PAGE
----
Cooper’s Shell Game Could Ruin Us

North Carolina Governor Roy Cooper

North Carolina Governor Roy Cooper speaking at a podium
I have, on many occasions, used this column to excoriate Donald Trump for the irrational things he says and does, but last week he out did himself. He suggested that a person infected with COVID-19 could kill the virus by injecting disinfectant.  But even a stopped clock is correct twice a day. For example, Trump warned that when it comes to dealing with our current healthcare crisis, the cure must not be worse than the disease (Lysol injection notwithstanding). He’s not alone in that thinking.

Last month, noted health professional Dr. David Katz wrote an op-ed for The New York Times, in which he challenged the logic of keeping an entire population of people locked in their homes as a way of defeating COVID-19. Said Katz, “I am deeply concerned that the social, economic, and public health consequences of …schools and businesses closed and gatherings banned, will be long-lasting and calamitous, possibly graver than the direct toll of the virus itself.” Katz refers to extended “stay-at-home” orders as, “horizontal interdiction”, which requires “containment policies applied to the entire population without consideration of their risk for severe infection.” And that brings me to Governor Roy Cooper, and the damage he is doing to our state.

Last Thursday, Cooper held a virtual press conference to tell us that he is extending his stay at home order from April 29 to May 8. Then he unveiled a confusing, three phase plan for re-opening the economy which was even more virtual than the press conference. During Phase One, we’ll be allowed to get out more and buy a broader variety of goods. But wait a minute. He also said the stay-at-home order would continue in effect. So what happened to May 8? How can an order be extended to an end date, and then not end? Cooper also said that no more than 10 people will be allowed to gather. But what constitutes a gathering? Scores of shoppers now gather in the grocery store, and any number of people are currently allowed to wander through public gardens. Yet the Governor implies that, in Phase One, more stores will open and only 10 people can be in a park at the same time. If you think this is confusing, wait till we get to Phase Two, which is supposed to go into effect “2 to 3 weeks” after Phase One.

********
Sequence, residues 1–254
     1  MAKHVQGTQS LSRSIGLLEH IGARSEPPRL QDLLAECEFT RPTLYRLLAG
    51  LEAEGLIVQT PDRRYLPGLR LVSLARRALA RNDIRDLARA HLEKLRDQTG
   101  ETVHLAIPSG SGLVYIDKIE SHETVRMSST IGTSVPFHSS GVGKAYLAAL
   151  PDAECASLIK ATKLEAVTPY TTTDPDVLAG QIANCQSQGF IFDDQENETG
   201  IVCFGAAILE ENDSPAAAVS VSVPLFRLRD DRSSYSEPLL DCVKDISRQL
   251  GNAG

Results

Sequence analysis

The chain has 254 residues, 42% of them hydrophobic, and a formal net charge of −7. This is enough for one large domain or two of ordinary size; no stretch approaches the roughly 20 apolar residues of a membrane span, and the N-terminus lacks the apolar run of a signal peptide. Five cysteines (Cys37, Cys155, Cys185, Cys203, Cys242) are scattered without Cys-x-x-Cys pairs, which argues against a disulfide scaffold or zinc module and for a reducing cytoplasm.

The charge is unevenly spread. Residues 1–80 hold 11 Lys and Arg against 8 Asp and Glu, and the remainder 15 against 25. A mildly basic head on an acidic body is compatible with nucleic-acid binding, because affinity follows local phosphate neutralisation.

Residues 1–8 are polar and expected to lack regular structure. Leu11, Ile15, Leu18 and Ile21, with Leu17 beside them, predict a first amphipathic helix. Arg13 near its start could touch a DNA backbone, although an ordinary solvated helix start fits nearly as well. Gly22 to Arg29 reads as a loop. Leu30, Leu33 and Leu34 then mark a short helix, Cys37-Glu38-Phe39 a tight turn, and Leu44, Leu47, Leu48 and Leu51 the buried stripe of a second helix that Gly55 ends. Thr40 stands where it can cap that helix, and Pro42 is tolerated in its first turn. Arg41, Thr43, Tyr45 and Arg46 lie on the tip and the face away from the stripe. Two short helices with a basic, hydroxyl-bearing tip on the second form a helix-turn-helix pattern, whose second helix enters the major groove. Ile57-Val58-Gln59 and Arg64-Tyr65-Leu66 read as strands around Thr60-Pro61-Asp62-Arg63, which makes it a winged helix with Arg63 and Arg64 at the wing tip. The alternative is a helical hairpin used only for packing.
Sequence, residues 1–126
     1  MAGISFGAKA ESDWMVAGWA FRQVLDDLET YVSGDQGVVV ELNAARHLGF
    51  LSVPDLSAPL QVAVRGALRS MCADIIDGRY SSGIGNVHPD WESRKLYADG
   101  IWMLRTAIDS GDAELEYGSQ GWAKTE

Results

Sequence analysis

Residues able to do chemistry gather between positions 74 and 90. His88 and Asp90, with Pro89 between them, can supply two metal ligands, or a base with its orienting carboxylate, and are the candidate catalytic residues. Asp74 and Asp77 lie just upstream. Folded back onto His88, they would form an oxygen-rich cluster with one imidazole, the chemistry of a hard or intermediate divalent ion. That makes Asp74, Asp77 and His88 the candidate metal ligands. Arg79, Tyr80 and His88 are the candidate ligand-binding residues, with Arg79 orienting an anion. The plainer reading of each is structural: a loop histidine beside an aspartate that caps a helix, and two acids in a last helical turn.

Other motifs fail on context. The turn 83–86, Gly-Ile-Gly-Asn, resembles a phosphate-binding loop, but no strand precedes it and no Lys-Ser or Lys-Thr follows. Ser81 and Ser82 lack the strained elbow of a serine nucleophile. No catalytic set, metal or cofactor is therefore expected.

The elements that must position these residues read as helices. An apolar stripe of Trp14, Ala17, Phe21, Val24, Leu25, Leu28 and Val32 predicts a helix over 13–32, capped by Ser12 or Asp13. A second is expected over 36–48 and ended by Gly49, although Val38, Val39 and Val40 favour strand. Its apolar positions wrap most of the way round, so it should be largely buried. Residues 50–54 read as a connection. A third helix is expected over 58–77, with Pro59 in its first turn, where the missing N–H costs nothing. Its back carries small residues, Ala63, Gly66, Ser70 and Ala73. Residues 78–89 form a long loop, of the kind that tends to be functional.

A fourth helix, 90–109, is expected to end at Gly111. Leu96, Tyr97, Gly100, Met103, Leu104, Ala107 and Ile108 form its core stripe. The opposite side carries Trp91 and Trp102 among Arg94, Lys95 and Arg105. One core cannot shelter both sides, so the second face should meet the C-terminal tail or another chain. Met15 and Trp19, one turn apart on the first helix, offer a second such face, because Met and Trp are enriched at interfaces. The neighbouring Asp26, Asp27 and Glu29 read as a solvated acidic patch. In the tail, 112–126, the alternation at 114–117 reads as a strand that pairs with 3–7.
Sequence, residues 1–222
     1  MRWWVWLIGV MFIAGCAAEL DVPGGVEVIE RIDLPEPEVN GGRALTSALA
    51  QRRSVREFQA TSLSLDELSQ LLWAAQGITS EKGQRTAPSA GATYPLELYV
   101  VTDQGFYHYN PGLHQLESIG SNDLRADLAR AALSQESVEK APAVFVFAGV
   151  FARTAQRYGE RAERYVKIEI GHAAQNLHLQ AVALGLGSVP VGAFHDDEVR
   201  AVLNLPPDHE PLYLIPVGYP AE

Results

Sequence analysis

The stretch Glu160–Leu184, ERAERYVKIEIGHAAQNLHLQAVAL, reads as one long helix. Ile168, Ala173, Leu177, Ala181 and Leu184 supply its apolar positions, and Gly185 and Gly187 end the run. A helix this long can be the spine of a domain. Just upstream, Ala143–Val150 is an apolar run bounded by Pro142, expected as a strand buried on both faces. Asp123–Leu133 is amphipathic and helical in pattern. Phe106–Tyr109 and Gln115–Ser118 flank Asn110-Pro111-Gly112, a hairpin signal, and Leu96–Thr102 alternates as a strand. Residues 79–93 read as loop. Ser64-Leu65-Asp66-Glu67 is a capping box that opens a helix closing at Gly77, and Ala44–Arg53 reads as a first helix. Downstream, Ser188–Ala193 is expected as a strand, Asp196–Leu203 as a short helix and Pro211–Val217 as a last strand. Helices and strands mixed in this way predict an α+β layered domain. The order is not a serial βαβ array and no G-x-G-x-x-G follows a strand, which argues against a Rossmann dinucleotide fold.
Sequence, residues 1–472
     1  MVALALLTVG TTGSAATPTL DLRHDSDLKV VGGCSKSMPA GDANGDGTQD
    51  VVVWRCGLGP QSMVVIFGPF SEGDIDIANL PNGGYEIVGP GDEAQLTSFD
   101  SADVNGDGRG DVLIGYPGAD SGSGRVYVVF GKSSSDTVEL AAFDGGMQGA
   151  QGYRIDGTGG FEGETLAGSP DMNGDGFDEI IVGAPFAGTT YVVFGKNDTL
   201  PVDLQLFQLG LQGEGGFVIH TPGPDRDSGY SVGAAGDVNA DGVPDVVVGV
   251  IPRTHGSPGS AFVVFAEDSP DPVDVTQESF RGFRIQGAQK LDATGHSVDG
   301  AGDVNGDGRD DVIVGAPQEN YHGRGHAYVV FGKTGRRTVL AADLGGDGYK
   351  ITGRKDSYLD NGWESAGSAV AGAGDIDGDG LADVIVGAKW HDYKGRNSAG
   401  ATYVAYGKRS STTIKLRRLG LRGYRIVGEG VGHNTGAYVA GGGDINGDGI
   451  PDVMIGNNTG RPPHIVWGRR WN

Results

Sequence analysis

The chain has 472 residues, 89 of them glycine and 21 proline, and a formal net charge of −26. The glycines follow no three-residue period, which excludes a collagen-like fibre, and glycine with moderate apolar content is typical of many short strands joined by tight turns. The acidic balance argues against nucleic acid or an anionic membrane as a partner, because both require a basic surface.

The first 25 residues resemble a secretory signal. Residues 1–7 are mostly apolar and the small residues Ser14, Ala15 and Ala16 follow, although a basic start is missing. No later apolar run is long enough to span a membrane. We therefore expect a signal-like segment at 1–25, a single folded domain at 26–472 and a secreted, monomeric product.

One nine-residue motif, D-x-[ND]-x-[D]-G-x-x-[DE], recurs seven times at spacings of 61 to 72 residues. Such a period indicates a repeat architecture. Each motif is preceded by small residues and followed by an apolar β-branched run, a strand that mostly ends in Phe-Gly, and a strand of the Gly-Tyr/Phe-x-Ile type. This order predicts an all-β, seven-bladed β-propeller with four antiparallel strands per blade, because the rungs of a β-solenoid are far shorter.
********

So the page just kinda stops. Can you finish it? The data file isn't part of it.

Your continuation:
Surprise! The stay-at-home order that was supposed to end on May 8, and then was extended (in advance) through Phase One, is STILL in effect during Phase Two. Among other things, Cooper says houses of worship can re-open so long as they reduce capacity. But how exactly are pastors going to determine who to admit, and if one extra person is allowed inside, will local sheriffs shutter the church? Clearly, Cooper is the one with the diminished capacity. Meanwhile, restaurants and bars can re-open in Phase Two so long as they reduce their capacity. But there are two problems with that. First, many restaurants will go under by the time we get to Phase Two, and second, the ones who are still just barely surviving, won’t be able to stay afloat by cutting their number of patrons in half.